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How to calculate resistors and capacitors values for band-pass RC filters based on LM348 operational amplifier? In this example, 3.2KHz, 4.3KHz are standard center frequencies, that are individually adjustable down to 1.2KHz and 1.8KHz. I need calculate values of R40, R38, R54, R52, C29, C28, C27, C26 values for my custom center frequencies, for example 1.8KHz, 2.4KHz

enter image description here

Below is Filter frequency response enter image description here

Full schematic: enter image description here

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    \$\begingroup\$ All those components have values in your circuit so what is it you really want to know? You might also want to state the source of the circuit and tell us where the points "PH" connect i.e. a complete circuit diagram is required. \$\endgroup\$ – Andy aka May 4 '15 at 18:42
  • \$\begingroup\$ @Andy aka You don't understand my question. No, I have no values for those components. I posted example of components connectivity, and those values are for different frequencies, not mine. I need find R and C values for my own frequencies. \$\endgroup\$ – minto May 4 '15 at 19:25
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    \$\begingroup\$ And YOU haven't answered the other points I raised \$\endgroup\$ – Andy aka May 4 '15 at 19:46
  • \$\begingroup\$ Yes, I missed that. Now corrected. \$\endgroup\$ – minto May 4 '15 at 20:04
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Each of the filters in the examples you posted are awkwardly drawn Multiple Feedback topology band pass filters. When designing a filter, you need to decide on:

  • Type (bandpass, high pass, low pass)
  • Center frequency
  • Order (how quickly the filter rolls off)
  • Shape (butterworth, Chebyshev, Bessel, etc)
  • Topology (how the filter is physically implemented)

If you're comfortable with the math of scaling and transforming via the prototype filter, you're good to go now.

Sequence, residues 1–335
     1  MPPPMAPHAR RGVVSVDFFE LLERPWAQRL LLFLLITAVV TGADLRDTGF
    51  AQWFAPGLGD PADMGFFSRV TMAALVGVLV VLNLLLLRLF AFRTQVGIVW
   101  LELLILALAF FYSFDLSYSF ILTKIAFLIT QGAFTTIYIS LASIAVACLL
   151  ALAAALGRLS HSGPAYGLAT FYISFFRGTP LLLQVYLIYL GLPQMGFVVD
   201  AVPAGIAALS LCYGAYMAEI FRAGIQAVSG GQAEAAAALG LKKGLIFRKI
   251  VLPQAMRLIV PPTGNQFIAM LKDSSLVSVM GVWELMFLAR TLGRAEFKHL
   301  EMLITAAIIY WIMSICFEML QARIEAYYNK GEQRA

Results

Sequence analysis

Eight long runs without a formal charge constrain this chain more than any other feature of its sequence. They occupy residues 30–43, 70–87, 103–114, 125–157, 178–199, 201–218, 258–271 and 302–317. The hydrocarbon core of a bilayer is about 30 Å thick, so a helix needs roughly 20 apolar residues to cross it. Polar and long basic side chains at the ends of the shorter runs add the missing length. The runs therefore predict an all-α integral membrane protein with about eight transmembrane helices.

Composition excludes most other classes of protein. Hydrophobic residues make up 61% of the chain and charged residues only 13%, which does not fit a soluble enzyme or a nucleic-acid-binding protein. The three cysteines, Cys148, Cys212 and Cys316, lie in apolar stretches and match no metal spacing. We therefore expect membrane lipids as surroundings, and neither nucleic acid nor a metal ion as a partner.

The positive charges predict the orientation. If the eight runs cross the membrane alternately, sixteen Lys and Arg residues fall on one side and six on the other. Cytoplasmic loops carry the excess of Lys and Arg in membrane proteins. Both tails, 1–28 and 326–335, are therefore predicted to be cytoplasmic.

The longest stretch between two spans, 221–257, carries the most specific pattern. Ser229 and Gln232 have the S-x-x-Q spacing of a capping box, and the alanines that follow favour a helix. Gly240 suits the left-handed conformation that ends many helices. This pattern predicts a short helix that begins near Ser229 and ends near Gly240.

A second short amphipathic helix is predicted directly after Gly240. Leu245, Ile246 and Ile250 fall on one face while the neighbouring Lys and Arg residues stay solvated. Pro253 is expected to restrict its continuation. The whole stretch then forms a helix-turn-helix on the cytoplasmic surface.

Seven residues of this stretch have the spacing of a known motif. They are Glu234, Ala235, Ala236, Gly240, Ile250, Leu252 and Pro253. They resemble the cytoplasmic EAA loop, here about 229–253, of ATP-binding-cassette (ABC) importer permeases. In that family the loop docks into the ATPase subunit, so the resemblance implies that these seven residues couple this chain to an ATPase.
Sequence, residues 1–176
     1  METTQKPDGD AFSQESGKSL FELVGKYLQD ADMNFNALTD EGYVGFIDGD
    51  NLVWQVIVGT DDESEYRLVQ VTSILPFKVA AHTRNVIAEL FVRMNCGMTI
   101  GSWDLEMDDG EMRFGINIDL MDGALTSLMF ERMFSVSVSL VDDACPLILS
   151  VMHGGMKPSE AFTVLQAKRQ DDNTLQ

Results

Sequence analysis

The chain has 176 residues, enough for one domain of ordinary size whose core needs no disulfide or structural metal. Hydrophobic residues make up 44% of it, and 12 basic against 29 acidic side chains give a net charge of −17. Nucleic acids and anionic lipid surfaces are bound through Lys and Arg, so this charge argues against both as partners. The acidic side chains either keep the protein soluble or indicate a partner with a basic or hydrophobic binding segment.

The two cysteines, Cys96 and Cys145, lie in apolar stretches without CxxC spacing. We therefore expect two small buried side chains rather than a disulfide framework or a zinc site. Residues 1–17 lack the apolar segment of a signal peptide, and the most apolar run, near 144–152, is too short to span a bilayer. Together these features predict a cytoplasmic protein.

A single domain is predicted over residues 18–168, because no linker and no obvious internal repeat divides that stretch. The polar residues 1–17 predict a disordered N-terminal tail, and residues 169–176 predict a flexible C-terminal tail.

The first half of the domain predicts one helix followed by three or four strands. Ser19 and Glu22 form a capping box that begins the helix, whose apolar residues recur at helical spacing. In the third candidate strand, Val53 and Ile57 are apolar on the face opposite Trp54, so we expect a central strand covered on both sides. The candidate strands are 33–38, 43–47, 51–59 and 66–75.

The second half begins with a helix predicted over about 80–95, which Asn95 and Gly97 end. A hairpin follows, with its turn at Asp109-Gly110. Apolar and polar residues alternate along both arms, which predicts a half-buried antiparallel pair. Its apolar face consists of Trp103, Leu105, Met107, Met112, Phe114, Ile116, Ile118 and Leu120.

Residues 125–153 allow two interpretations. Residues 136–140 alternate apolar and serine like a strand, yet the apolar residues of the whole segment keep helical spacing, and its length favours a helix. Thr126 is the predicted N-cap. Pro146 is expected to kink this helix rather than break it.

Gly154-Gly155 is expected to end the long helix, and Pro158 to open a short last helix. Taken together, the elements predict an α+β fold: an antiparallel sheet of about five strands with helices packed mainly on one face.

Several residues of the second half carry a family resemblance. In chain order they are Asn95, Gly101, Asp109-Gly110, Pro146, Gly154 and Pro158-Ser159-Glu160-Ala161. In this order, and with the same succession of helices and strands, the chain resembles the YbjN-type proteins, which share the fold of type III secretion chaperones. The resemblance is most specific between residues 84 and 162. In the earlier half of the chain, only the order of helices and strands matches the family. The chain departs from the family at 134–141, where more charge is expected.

Otherwise, you can use a filter design tool. One that I've used in the past is from Analog devices: the Analog Filter Wizard. This tool will let you design a filter using all of the above considerations.

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  • \$\begingroup\$ As I'm not an author of design, I don't know what considerations been used when he selects the type of filter, I just want to change center frequency used in these filters. So these is band-pass Butterworth filters, and what order are filters? \$\endgroup\$ – minto May 4 '15 at 22:14
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    \$\begingroup\$ All stages are "simple" second-order bandpass filters (for second order there is no distinction between Butterworth and other possible approximations). \$\endgroup\$ – LvW May 5 '15 at 7:01
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At first you must identify the topology of the filter circuit. As it can be seen the whole circuit consist of various filter stages connected simply in parallel (the first diagram). So it is sufficient to analyze one of the stages only. And it is relatively easy to see that the topology of each stage resembles a bridged T-network. Thus, each bandpass stage can be analysed based on a the set formulas for the well-known "Multi-feedback bandpass filters (MFB)" to be found in each filter book.

Please note that you have forgotten to show the power supply voltages (single/dual ?). I suppose you are using single supply because of the bias circuitry connected to the non-inv. opamp input terminals, correct?

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  • \$\begingroup\$ Yes, +12V AC single power supply. \$\endgroup\$ – minto May 4 '15 at 21:28
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It requires very complicated calculations If you want to calculate it yourself, but I don't think what you want is that. What I suggest you is that you use a CAD software such as PSpice or Proteus (even Matlab if you are familiar with Simulink), assemble your circuit there and define some initial values for your circuit. Then find the correct combination trying and failing. This is the practical method.

Another method is that you can find the transfer function of the system with the variables C26, C27, C28 etc. and then use an iterative numerical method to solve the system for these parameters. You have two separate outputs, thus the calculation would not be that difficult. You can calculate them separately.

Final note: You probably will not be able to get a specific answer from here because of the complexity and the effort that requires to solve the problem.

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